Saturday, June 08, 2013

How To Change Your Mind and Not Be a Hypocrite

1.  Acknowledge that your view has changed.

2. Explain why you now think differently on the issue.

3. Give some credit to those who disagreed with you before you changed your mind--you know, since you have come around to their view now.


Do it Obama's way:

I welcome this debate and I think it's healthy for our democracy. I think it's a sign of maturity because probably five years ago, six years ago we might not have been having this debate. And I think it's interesting that there are some folks on the left but also some folks on the right who are now worried about it, who weren't very worried about it when it was a Republican president. 

1. No mention that he was one of the fiercest critics of President Bush' intelligence gathering.

2. None given.  We did have this debate "five years ago, six years ago" and Obama was on the opposite side of it then from where he is now.

3. No.  Rather criticize them for now believing what you used to believe.

The exact opposite of what it means to be a statesman.


Just so head-off the possible complaint that there is no graceful way to perform my statesman-like standard, the below is a shot at it.  Bear in mind, I am not a professional writer and so this could probably be greatly improved.

Fellow Americans.  I'm sure you are well aware that when I was a Senator from Illinois, I was one of the most fierce critics of President Bush's intelligence-gathering program under the Patriot Act.  I think this stemmed from at least two sources:  First, a general distrust of the Bush administration and second, as an outsider to the executive branch, a lack of understanding for the capabilities and responsibilities of that branch.  As President, I have come-around to the need for programs such as these since I take seriously my responsibility to protect the American public from attack and see the programs as well within constitutional privacy protections.  As for liberal and conservative critics of theses efforts, some of whom did not oppose them when George W. Bush was President:  I understand your concerns and share those same concerns.  People of good faith can come to different conclusions about the balance between privacy and security.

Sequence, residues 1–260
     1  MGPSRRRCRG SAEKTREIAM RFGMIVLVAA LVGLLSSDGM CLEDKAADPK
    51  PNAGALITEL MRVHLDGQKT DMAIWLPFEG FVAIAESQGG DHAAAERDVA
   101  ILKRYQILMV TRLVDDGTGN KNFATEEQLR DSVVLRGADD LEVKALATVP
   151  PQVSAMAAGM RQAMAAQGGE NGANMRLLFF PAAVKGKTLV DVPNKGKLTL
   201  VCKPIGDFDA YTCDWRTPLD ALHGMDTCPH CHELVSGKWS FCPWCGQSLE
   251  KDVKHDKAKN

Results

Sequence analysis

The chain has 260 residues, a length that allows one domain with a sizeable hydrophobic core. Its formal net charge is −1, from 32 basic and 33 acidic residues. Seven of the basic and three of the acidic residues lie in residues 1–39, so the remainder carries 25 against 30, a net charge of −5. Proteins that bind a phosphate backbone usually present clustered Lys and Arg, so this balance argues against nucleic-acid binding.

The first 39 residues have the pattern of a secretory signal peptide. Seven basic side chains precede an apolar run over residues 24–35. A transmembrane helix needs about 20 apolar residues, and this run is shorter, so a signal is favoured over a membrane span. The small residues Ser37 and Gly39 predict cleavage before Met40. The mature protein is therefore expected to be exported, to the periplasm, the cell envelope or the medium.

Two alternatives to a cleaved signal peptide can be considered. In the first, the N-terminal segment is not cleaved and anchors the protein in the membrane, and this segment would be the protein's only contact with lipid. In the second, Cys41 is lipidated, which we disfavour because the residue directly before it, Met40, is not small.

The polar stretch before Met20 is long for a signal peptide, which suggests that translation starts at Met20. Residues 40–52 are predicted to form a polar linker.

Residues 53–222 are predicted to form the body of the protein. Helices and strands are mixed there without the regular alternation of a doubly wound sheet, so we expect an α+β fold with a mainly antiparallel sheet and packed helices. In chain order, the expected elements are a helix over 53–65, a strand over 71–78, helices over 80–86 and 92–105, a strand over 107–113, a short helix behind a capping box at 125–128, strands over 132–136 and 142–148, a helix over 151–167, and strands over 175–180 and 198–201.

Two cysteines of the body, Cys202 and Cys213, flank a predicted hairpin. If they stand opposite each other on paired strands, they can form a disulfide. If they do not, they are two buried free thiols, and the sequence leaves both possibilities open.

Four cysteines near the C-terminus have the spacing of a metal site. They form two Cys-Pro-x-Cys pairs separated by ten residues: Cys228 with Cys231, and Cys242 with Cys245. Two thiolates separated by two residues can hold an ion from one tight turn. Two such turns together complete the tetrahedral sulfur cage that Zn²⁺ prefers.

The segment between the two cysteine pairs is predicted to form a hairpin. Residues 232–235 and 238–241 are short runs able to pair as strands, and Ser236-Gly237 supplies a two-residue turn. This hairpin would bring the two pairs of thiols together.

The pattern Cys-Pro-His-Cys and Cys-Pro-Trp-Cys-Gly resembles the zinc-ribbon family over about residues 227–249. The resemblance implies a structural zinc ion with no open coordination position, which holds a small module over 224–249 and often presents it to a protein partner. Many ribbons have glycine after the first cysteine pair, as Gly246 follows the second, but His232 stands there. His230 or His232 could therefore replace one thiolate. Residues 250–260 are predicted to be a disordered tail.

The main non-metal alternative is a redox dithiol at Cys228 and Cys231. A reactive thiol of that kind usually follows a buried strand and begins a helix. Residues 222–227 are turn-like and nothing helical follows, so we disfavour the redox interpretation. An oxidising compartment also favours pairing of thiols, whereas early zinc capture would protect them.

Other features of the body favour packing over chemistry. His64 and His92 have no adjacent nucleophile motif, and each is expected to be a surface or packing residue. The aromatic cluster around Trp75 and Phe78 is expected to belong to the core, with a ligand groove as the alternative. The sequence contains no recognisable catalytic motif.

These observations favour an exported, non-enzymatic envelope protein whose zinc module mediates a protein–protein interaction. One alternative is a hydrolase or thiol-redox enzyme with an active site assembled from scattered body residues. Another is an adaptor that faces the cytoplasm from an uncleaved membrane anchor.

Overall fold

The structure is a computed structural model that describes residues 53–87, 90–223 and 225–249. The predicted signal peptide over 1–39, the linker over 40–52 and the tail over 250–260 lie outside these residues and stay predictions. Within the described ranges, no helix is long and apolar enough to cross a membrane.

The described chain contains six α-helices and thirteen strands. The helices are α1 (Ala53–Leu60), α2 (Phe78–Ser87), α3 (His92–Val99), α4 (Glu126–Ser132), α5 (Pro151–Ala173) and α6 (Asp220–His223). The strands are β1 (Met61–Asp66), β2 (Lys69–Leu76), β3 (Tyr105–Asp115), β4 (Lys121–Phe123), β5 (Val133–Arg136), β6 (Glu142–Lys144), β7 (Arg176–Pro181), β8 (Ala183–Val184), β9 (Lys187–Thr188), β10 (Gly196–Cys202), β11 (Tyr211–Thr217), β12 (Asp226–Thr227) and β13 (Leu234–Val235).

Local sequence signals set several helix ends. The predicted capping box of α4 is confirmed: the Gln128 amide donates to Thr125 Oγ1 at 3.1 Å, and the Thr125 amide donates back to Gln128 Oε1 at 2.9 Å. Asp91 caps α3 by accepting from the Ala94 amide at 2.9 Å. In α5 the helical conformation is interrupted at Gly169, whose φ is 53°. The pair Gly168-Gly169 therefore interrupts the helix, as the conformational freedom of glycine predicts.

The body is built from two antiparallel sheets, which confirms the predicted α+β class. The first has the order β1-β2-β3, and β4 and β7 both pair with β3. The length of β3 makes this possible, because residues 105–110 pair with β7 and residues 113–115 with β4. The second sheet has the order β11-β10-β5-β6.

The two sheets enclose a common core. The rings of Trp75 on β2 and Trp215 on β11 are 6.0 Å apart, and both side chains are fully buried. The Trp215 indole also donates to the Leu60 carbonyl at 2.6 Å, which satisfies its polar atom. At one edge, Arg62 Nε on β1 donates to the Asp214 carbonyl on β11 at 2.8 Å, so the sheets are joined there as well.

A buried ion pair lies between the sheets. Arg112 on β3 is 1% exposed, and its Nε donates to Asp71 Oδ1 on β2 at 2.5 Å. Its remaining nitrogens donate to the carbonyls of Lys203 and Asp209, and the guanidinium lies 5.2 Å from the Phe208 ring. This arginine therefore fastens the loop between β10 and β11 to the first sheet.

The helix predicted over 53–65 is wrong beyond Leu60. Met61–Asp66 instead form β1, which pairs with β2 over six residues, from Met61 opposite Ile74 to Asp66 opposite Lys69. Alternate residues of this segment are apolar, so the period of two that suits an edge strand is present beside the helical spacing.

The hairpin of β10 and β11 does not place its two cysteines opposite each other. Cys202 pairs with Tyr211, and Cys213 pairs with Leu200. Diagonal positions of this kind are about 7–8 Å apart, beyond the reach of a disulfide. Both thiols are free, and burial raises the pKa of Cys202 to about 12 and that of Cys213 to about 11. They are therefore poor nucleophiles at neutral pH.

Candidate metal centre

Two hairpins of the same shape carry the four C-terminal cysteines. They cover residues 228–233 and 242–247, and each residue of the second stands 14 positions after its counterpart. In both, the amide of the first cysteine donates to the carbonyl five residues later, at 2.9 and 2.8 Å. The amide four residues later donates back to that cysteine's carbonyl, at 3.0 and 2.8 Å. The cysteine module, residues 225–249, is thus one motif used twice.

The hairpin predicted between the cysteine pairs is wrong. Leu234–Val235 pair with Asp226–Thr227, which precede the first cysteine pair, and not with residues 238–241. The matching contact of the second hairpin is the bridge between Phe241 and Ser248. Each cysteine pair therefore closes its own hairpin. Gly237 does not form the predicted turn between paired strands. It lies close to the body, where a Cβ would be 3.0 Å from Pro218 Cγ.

Thank You and God Bless. 



"As for our common defense," Barack Obama declared in his First Inaugural Address, "we reject as false the choice between our safety and our ideals. . . . Those ideals still light the world, and we will not give them up for expedience's sake."

Last Friday the president said this: "I think it's important to recognize that you can't have 100% security and also then have 100% privacy and zero inconvenience. We're going to have to make some choices as a society." 

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